Singapore’s Ministry of Manpower (MOM) is investigating local conglomerate Keppel Shipyard and one of its sub-contractors for the non-payment of some 120 workers, who nearly went on strike last month.
The Migrant Workers’ Centre reportedly said it stepped in to convince the 100 Bangladeshi and 20 Indian shipyard workers not to go on strike in January, after they said their employer, Akash Engineering and Technology, had not paid them salaries for as long as three and a half months.
Keppel is also being investigated by MOM because it may have infringed its responsibilities as a sponsoring shipyard under Singapore’s marine sector scheme, the ministry said. Meanwhile, Akash is being probed for possible breaches of the Employment Act.
Noting that Akash is Keppel’s resident contractor, which means it only does work for Keppel, MOM said Keppel is still expected to extend the same level of care for Akash’s employees as it would for its direct staff.
This, in turn, means that Keppel has an obligation to ensure that Akash complies with prevailing laws and regulations, even if it calls for them to step in to pay the salaries of the latter’s employees, added the ministry.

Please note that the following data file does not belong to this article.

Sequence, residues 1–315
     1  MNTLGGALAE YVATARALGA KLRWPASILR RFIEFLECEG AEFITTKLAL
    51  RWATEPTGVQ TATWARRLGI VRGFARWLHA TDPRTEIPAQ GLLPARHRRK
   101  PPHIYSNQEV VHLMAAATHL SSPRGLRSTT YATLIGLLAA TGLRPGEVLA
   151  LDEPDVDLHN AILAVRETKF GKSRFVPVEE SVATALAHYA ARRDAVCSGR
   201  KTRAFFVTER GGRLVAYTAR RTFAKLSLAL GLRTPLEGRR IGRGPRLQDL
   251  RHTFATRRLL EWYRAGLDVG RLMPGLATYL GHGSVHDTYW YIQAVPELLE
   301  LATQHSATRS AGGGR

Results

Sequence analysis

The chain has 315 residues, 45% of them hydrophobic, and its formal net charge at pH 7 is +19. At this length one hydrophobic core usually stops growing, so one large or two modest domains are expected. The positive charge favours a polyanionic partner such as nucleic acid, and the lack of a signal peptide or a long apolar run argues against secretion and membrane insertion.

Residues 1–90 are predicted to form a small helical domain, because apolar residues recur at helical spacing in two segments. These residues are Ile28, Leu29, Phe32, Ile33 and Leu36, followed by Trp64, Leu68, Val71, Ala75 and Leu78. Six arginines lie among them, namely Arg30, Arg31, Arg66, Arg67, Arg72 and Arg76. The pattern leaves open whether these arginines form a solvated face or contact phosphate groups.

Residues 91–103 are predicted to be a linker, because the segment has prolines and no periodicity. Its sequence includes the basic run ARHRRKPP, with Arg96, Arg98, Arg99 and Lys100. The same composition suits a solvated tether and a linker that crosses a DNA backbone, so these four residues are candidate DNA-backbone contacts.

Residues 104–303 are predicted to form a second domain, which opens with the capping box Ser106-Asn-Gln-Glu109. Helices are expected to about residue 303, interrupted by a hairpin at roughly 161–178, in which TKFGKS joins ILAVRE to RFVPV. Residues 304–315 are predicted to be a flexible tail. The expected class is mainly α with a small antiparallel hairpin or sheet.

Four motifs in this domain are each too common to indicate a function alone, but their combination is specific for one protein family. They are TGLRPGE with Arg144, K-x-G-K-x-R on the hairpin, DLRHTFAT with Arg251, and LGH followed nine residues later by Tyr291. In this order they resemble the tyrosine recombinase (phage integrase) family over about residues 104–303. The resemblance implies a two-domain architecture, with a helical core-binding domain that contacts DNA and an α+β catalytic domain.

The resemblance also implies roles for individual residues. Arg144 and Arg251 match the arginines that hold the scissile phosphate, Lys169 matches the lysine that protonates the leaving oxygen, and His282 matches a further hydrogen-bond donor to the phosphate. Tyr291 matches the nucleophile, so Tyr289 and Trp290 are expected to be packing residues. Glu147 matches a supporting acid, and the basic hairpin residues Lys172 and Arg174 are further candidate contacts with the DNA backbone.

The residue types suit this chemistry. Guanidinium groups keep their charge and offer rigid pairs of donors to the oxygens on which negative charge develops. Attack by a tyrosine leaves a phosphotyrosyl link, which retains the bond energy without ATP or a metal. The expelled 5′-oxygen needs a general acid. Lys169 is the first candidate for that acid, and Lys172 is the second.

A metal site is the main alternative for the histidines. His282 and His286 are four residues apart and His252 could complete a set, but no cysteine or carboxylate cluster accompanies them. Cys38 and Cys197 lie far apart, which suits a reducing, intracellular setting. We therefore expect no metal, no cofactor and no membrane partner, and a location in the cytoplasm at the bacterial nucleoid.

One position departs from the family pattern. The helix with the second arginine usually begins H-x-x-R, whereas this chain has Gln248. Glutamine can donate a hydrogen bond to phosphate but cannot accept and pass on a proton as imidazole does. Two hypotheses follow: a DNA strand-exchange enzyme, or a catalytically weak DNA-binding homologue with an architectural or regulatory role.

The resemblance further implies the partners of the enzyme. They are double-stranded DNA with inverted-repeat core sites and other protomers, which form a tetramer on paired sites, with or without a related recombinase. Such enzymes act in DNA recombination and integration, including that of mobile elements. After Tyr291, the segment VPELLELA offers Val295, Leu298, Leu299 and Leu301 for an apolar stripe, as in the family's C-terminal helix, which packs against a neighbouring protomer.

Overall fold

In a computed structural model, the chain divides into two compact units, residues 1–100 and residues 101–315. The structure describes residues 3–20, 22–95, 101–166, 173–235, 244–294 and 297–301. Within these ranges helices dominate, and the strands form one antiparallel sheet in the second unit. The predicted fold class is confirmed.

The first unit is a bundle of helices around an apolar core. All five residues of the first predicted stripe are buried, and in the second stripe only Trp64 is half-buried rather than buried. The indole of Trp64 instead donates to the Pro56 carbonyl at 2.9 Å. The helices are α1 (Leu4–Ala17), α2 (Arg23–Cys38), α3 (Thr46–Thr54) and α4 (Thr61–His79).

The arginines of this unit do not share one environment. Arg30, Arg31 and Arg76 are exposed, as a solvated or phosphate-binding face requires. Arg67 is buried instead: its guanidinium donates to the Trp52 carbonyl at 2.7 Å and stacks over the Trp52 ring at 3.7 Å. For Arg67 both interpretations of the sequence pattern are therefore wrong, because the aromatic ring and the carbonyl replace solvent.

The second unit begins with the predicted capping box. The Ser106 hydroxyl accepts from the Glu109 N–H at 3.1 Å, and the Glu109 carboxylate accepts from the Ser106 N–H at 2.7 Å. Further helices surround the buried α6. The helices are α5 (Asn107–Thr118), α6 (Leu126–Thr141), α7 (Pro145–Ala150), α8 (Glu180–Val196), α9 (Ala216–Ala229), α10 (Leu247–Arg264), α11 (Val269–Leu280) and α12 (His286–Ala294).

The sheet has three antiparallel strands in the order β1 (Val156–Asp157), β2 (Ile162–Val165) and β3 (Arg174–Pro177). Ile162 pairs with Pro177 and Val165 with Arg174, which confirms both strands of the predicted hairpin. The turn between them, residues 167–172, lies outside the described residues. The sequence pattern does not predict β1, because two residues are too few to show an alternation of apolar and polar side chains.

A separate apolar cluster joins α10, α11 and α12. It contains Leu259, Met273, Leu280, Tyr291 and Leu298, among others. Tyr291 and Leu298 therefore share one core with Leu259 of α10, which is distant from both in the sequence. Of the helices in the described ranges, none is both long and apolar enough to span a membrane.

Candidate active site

According to a report in The Straits Times, Keppel said it had “made every effort possible” to help Akash once it found out about “difficulties” the company faced.
A spokesperson for the Singapore-listed company said they had even made early payments to Akash, but claimed the latter “did not inform (Keppel) of the full extent of the financial difficulties which they were facing”.
“We have since co-operated fully with the MOM in assuring the workers that Akash Engineering from henceforth will pay their salaries in a timely manner,” the spokesperson was quoted as saying.
In ST’s previous report on the impending shipyard workers’ strike, a representative for Akash was quoted as saying that “only some payment was outstanding”, and that he did not see any issues because “everything (had) been sorted out”.
He also reportedly claimed that the company was not in any financial trouble.
The last strike that took place was in late November 2012, when more than 170 SMRT bus drivers from China stayed in their dormitories and would not report for work, in protest against unequal pay and poor living conditions. Five of the drivers were charged, jailed and deported, with a further 29 being deported and another 150 issued police warnings for their involvement.
The last legal strike that occurred in Singapore was in January 1986, when then-President Ong Teng Cheong officially sanctioned for a group of shipyard workers because he felt that their management was taking advantage of them.